• [0025]
    The left-hand half of FIG. 5 depicts the case of location determination being done in the mobile entity 20F by, for example, making Observed Time Difference (OTD) measurements with respect to signals from BTSs 13 and calculating location using a knowledge of BTS locations. The location data is subsequently appended to a service request 66 sent to service system 40 in respect of a location-aware service. The calculation load on mobile entity 20F could be reduced and the need for the mobile to know BTS locations avoided, by having a network entity do some of the work. The right-hand half of FIG. 5 depicts the case of location determination being done in the network, for example, by making Timing Advance measurements for three BTSs 13 and using these measurements to derive location (this derivation typically being done in a unit associated with BSC 14). The resultant location data is passed to a location server 67 from where it can be made available to authorised services. As for the mobile entity 20C in FIG. 3, when the mobile entity 20G of FIG. 5 wishes to invoke a location-aware service available on service system 50, it sends a request 69 including an authorisation token and its ID (possible embedded in the token) to the service system 40; the service system then uses the authorisation token to obtain the current location of the mobile entity 20G from the location server 67.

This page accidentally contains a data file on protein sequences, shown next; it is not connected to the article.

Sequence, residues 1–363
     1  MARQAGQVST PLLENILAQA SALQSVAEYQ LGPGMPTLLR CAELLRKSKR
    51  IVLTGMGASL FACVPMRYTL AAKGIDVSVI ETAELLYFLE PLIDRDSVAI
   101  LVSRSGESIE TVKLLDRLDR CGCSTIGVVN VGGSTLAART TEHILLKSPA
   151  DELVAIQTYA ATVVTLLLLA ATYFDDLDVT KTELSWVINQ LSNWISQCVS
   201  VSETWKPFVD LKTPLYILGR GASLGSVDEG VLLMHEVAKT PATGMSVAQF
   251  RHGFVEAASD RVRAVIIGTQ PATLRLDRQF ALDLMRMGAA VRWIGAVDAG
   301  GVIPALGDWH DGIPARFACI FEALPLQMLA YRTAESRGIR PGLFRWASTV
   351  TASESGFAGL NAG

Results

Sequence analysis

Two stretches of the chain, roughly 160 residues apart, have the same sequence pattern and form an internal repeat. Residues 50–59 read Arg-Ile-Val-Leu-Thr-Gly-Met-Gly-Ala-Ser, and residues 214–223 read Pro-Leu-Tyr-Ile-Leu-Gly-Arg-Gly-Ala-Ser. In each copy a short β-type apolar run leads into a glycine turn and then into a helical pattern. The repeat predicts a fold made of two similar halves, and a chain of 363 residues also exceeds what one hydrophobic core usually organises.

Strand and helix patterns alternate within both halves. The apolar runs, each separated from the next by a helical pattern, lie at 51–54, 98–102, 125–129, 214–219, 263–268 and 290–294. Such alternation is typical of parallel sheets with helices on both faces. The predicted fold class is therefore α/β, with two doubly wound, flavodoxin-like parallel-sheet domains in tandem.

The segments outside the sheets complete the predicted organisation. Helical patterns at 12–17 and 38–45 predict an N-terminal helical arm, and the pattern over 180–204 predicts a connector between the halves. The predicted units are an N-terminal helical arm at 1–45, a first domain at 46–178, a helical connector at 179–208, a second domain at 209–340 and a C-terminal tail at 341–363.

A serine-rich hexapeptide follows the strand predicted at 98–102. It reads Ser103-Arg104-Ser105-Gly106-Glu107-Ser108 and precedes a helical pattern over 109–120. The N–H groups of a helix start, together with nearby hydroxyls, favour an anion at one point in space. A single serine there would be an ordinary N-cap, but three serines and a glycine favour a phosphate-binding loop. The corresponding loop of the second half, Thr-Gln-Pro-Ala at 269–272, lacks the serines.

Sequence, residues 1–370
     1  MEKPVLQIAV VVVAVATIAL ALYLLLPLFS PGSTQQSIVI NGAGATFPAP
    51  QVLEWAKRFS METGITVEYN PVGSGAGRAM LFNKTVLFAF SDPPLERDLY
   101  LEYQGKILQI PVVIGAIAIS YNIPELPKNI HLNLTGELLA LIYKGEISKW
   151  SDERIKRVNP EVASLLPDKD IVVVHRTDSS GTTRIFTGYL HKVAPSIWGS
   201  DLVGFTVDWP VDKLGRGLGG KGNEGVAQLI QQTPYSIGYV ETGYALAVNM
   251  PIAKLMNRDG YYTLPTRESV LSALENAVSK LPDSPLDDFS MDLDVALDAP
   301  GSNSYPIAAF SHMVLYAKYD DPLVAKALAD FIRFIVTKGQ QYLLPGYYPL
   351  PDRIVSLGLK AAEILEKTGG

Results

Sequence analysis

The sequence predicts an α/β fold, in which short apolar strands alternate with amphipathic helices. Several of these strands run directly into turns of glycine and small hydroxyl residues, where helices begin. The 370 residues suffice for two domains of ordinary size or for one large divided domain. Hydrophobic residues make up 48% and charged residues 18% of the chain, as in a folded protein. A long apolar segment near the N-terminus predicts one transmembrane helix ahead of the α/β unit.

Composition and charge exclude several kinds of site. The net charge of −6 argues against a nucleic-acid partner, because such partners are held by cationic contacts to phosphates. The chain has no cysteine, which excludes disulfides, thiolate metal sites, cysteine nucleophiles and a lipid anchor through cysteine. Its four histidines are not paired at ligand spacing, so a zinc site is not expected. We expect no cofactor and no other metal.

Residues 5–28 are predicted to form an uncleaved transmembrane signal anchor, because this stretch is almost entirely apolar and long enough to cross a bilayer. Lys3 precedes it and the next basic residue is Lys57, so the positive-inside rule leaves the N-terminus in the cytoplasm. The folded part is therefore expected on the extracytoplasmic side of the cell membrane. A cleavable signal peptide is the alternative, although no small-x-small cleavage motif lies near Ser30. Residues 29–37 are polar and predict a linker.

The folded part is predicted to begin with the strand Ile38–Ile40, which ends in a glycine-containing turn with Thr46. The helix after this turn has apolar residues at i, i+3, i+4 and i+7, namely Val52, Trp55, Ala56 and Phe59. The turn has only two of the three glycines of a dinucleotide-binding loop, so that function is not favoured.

• [0026]